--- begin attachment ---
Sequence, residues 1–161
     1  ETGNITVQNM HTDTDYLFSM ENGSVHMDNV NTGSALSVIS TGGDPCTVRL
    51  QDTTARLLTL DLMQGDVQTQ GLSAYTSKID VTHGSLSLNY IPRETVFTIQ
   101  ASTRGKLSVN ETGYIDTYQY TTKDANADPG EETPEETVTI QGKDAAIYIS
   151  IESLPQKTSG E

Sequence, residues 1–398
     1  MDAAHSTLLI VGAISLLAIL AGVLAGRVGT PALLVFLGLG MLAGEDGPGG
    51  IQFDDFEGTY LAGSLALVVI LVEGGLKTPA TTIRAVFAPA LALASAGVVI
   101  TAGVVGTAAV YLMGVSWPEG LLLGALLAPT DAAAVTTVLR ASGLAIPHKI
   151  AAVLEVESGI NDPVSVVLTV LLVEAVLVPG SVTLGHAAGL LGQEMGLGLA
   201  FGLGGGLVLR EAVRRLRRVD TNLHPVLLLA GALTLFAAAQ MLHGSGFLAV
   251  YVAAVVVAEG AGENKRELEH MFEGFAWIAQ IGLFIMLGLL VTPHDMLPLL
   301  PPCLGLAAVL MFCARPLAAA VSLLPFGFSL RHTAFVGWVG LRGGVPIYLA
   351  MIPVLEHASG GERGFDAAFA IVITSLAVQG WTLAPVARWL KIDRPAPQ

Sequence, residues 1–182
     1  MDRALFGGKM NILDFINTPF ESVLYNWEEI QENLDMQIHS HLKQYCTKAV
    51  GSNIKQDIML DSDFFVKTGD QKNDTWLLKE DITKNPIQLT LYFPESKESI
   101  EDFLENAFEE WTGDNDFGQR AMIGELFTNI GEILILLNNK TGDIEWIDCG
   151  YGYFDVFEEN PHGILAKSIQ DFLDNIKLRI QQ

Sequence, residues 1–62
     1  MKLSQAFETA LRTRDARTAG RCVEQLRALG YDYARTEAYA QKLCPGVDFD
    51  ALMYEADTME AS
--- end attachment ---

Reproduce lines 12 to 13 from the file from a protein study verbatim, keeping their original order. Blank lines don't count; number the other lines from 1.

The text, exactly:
   251  YVAAVVVAEG AGENKRELEH MFEGFAWIAQ IGLFIMLGLL VTPHDMLPLL
   301  PPCLGLAAVL MFCARPLAAA VSLLPFGFSL RHTAFVGWVG LRGGVPIYLA